Footage of Plane Collapse Raises Concerns about Lifeflight Bidders

Kinew: Keep Lifeflight Public to Protect Patient Safety

September 20, 2018

The Manitoba NDP shared footage of a King Air E90 plane whose landing gear collapsed as it landed on the runway at Thompson Airport on September 9th, 2018. The plane was owned by SkyNorth. The Manitoba NDP have learned SkyNorth is one of twelve private companies who have bid on the Pallister government’s RFP for Lifeflight services which closes September 23rd.

On the day of the incident the plane had two pilots and a nurse on board. It was leaving Thompson Airport, bound for Island Lake to respond to a medical call, when the pilots were unable to get the landing gear locked. The plane was forced to circle the airport before attempting to land. At impact the plane’s landing gear collapsed causing significant damage to the aircraft and rupturing its fuel system, according to the Thompson Firefighter’s Association. No injuries were reported and the incident was investigated by Transportation Safety Board of Canada (TSB).

“The footage of this plane’s landing is harrowing to watch, especially when we remember this plane could be transporting a patient in critical condition,” said Leader of the Manitoba NDP Wab Kinew. “Lifeflight delivers essential health care services for our most vulnerable. Under a publicly owned structure there is no incentive to fly for profit or reward and there is less risk to patients. Pallister needs to stop privatizing Lifeflight and cancel the RFP today”, said Kinew.

The Government’s RFP has already opened the door to weakening safety regulations. One provision allows flight crews to not meet minimum safety requirements while another provision would allow for the use of unpressurized aircraft. Evidence is clear that pressurized cabins are crucial to patient care.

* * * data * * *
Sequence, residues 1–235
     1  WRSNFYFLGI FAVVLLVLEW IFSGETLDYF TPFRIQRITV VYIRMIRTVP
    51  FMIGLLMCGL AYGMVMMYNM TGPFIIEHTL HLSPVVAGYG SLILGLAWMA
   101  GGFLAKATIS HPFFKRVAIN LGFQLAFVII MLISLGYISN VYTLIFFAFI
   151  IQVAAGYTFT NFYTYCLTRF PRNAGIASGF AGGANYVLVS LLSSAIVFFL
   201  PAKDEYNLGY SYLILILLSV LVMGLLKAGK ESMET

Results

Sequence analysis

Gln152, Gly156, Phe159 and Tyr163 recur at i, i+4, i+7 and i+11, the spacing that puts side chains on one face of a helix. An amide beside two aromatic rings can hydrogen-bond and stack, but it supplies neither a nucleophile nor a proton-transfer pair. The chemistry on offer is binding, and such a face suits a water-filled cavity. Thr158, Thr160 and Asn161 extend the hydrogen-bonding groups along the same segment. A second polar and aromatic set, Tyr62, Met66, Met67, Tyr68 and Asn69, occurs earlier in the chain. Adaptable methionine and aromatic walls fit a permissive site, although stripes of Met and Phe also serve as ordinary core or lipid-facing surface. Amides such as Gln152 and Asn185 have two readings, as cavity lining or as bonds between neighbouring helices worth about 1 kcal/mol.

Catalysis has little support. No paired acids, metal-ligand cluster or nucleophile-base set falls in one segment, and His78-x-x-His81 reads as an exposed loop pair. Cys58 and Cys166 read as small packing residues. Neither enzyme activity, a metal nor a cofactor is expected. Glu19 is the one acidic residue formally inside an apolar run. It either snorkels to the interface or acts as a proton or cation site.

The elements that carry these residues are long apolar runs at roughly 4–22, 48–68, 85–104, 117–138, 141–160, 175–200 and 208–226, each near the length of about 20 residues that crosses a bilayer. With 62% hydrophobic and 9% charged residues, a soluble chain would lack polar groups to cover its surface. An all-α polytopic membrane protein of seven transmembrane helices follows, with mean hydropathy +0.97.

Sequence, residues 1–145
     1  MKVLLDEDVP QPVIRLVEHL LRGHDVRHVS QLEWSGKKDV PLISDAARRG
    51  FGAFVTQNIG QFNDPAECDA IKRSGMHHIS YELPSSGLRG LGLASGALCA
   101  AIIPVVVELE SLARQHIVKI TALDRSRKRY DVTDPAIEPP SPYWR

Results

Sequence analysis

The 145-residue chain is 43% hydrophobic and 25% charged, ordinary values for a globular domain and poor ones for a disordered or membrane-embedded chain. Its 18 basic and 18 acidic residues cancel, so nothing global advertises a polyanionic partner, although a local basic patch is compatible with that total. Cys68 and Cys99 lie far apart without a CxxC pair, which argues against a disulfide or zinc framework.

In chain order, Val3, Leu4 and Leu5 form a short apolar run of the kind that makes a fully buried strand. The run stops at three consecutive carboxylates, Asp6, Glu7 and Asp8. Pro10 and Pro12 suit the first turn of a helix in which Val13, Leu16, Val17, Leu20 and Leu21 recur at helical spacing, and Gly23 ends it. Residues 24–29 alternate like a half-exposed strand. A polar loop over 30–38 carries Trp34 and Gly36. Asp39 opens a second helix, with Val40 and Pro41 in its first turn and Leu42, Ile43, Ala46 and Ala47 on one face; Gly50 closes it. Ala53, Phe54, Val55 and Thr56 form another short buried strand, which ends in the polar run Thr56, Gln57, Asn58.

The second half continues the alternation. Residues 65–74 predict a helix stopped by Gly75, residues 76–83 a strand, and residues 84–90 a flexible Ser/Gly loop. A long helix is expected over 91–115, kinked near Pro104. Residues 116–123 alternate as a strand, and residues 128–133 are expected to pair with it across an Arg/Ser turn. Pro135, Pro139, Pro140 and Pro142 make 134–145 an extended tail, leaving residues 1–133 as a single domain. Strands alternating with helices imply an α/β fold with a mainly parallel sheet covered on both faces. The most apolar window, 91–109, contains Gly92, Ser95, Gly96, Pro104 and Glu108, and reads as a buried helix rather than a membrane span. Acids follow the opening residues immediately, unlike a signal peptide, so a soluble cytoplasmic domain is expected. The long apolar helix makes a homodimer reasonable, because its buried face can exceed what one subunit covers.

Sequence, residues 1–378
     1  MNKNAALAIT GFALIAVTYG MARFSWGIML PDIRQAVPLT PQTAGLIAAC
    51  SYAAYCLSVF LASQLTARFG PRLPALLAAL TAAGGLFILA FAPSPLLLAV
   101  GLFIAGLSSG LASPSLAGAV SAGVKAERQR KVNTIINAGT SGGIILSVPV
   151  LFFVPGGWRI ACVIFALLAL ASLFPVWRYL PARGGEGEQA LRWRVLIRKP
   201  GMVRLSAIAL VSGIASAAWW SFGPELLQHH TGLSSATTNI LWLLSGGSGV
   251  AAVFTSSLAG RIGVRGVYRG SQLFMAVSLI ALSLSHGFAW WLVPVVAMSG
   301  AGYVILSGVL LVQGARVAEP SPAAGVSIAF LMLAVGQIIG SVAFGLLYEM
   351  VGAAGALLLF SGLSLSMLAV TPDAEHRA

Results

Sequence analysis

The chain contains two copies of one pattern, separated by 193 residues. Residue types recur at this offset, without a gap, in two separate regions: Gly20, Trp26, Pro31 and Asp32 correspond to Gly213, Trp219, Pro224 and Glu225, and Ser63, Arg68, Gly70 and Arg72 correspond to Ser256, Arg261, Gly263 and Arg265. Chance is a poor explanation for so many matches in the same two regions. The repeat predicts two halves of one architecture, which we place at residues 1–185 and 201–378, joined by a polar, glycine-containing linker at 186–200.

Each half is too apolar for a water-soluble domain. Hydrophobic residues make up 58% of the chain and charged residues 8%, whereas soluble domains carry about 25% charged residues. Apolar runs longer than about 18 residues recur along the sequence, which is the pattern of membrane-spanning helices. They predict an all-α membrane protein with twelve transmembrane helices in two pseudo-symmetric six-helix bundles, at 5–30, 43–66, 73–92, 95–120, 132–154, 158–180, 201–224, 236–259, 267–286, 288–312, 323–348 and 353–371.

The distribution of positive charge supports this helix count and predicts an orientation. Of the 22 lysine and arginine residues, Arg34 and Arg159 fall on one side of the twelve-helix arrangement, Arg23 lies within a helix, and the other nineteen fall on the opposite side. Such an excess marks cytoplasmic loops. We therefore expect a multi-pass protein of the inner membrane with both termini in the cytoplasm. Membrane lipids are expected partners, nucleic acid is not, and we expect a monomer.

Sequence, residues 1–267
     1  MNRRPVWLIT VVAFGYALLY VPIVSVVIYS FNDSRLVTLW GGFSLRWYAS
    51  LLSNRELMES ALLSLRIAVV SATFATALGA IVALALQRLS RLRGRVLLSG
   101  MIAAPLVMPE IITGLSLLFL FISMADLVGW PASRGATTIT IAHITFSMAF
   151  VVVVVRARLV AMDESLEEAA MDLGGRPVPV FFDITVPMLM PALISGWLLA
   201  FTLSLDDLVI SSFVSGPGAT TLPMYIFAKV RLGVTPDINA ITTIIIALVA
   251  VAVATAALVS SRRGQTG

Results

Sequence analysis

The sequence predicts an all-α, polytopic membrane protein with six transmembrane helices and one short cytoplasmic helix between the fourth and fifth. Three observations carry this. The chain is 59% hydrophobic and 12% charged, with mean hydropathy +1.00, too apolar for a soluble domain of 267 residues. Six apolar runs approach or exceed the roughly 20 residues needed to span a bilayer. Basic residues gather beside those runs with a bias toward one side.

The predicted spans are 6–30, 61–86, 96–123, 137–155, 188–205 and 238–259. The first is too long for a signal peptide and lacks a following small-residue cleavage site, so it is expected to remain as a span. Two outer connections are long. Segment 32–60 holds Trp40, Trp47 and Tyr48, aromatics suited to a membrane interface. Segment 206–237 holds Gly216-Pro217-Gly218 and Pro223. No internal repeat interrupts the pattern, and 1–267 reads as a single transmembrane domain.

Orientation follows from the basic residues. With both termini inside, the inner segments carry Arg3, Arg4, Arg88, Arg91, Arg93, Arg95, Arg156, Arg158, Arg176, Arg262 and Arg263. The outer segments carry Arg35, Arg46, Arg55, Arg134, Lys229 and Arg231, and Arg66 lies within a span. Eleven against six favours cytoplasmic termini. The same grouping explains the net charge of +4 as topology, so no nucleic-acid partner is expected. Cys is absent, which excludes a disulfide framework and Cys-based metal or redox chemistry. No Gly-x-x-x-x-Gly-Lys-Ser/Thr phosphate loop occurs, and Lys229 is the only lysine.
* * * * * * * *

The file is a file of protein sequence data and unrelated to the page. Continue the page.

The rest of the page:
Kinew also noted a recently released expert report on the province’s plan to privatize Government Air Services, including Lifeflight, found the current public system has many advantages over private alternatives and a strong track record of safety. In an appendix that listed almost thirty TSB investigations into incidents with private carriers, there have been twenty-three fatalities and thirty-three serious injuries since 1994. There was only one investigation into a Government Air service Flight in 1999, which had no fatalities or injuries and which was found to be caused by the directions of air traffic controllers, not Government Air Services.

“The fact is the public Lifeflight model is safer. It has better quality planes with more experienced pilots and better safety regulations to ensure patients get the care they need,” said Kinew. “The safety of patients and quality of health care should never be compromised for profit.”